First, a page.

Hon Tony Ryall, Minister of Health, 6 July 2012. Speech - Immunisation event - Te Puke, Bay of Plenty.
Today is Day 5 of the Government's new immunisation health target: that by the end of 2014, 95% of all eight-month olds will be fully vaccinated.
This new immunisation target replaces the highly successful target focused on lifting the immunisation rate of two year olds.
In the past three years of the earlier health target, New Zealand went from one of the lowest immunisation rates in the developed world to one of the best. Today I can tell you that 93% of all kiwi two year olds are fully immunised. That compares to only 67% in 2007.
And what's more, there is virtually no difference in the rates between ethnicities or family income.
This is one of the most significant public health achievements of the past 10 years.
When new parents ask about immunisations now, health professionals can proudly say that even though immunisation is voluntary in New Zealand, 19 out of 20 parents are trusting vaccination.
Immunisation is one of the most effective public health interventions to prevent against infectious disease. It helps stops suffering and saves lives. As well as protecting vaccinated individuals, high immunisation rates help prevent epidemics.
Children are most vulnerable to infectious disease between three and eighteen months of age.
And we know that if children begin their childhood immunisations on time, then that significantly increases the likelihood of completing all their vaccinations.
That's why we've moved to the new health target: to focus on earlier, on-time vaccinations.
An infant will be considered fully immunised if they have completed the schedule of three primary series of vaccinations by the age of eight months. These three vaccinations are due at six weeks, three months and five months. The three vaccinations cover diptheria, tetanus, hepatitis B, polio, haemophilus influenza, pneumococcal and whooping cough.
Commencing the immunisation programme on time is a recognised predictor for on time completion. Success in the eight-month old target will have a positive flow on effect for all subsequent immunisation events (15 months and four years).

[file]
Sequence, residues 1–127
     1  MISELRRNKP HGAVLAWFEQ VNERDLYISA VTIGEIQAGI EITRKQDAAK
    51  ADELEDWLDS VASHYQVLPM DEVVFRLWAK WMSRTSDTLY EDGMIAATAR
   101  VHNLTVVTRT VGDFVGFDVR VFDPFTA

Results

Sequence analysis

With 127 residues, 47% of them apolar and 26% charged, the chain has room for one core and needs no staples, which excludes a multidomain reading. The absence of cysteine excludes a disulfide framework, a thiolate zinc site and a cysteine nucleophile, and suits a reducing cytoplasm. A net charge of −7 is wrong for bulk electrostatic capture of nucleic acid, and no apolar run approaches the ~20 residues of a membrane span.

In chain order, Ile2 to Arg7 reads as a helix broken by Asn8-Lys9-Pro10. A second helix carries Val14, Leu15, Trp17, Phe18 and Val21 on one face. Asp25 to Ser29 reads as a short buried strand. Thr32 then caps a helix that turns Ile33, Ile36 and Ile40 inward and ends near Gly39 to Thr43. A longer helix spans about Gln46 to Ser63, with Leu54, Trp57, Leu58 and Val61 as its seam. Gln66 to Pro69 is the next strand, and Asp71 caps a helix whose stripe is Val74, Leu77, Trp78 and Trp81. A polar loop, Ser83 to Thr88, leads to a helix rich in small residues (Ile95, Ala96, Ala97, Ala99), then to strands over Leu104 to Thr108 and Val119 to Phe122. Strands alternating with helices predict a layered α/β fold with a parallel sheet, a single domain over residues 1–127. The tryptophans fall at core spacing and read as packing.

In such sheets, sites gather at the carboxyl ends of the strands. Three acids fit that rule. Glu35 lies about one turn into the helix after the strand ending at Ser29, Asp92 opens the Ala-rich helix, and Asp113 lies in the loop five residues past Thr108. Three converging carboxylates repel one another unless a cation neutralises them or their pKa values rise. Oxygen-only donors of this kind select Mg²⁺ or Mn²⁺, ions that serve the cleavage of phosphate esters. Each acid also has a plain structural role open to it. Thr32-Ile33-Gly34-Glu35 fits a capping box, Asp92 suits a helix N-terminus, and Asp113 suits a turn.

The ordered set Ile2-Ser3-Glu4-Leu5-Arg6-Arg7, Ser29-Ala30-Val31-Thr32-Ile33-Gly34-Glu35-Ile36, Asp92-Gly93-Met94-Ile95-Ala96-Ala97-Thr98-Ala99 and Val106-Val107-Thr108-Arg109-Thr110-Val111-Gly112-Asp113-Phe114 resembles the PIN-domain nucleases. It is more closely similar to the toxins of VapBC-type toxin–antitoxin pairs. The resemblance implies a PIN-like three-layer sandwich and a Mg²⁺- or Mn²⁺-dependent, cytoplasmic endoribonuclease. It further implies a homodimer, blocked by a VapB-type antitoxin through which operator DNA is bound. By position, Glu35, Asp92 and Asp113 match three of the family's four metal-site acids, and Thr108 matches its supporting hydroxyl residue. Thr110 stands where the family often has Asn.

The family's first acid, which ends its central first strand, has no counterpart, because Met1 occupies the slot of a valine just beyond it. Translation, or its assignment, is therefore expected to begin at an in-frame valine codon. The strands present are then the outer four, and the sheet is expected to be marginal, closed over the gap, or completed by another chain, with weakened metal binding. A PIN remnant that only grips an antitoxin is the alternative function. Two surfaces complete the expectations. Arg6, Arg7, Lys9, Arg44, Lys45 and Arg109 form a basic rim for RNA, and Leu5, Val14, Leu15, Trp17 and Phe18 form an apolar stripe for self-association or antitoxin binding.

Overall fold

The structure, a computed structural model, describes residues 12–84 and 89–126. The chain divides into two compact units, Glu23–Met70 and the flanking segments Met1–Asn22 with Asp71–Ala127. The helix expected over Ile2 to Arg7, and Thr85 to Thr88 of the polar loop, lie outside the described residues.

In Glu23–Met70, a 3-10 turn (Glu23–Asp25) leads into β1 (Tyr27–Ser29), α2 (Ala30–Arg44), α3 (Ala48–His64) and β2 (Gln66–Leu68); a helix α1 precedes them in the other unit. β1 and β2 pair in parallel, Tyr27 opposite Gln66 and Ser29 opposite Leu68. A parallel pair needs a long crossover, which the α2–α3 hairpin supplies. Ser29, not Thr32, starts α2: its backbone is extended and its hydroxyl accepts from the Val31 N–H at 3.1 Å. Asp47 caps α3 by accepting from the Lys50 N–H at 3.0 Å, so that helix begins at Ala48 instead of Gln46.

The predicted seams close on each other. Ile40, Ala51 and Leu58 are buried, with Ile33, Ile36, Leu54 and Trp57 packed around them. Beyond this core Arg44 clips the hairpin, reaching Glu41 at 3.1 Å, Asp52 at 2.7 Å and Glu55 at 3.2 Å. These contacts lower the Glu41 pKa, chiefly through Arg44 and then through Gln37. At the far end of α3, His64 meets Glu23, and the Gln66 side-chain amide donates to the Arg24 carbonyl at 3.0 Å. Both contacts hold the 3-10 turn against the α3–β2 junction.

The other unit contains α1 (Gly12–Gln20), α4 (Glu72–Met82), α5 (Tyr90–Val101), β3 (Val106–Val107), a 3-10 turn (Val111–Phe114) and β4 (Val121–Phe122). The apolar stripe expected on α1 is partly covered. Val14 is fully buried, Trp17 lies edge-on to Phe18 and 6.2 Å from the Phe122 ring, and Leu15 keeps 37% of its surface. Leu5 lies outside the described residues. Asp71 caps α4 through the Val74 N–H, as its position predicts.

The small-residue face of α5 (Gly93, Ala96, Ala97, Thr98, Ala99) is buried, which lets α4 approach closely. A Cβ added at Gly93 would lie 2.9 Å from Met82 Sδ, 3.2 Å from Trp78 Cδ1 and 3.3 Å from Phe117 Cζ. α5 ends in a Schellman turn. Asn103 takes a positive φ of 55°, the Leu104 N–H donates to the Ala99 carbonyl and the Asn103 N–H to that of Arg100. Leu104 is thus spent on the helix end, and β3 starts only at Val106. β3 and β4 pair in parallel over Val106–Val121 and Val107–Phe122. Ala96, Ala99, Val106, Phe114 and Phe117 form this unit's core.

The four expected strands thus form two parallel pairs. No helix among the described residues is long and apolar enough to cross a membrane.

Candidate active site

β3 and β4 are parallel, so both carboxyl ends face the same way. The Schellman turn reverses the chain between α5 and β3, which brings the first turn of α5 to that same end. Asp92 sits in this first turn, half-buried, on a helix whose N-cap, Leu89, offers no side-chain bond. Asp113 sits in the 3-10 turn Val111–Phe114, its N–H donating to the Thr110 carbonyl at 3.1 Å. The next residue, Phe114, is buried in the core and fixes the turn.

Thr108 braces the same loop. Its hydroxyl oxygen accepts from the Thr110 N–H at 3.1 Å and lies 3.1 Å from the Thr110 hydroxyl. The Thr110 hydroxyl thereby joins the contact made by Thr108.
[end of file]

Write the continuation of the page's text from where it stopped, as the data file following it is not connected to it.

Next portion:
Infants are at their most vulnerable to infections from about three to eighteen months of life because maternal immunity - which has been passively transferred to the infant across the placenta prior to birth - wanes over the first nine months. Acquired immunity from vaccinations takes several months to build up.
Newborns have little maternal antibody protection and are not well protected against whooping cough until the third dose of vaccine at five months. There is no antibiotic treatment for whooping cough. Between one and three out of 1000 infants who contract whooping cough will develop permanent neurological damage and five in 10,000 will dies.
The current whooping cough outbreak began in August 2011. Latest available data indicates a total of almost 2,900 cases have been notified. Of these notifications 194 were infants under one year old. That's 7% of all cases, and 94 of these babies were hospitalised. That's 61% of all hospitalisations.
A key part of achieving the new health target is at-birth enrolment in a general practice, and Well Child provider.
Right now, most babies are registered with a general practice when the mother or father first goes to visit the GP after the baby's birth. In many instances this is after six weeks?when the first vaccination is due at six weeks.
Some information suggests that fewer than half newborns are not enrolled at 12 weeks of age - most finally getting enrolled around 13 to 14 weeks.
From this week, maternity unit staff will be able to notify general practices of a child's birth before mother and baby leave the unit. The practice will then be able to enrol that baby into their patient management system.
And that makes it easier to help the parents get on-time immunisation of their child, because it's easier for the general practice to remind the parents.
Maternity staff will also notify the parents' preferred WellChild provider of the baby's birth too.
Boosting infant vaccinations requires a total effort by all the health professionals working with parents and newborns: midwives, general practice, hospital staff.
Thank you for the work you are doing to improve the health of young New Zealanders in the Bay of Plenty.
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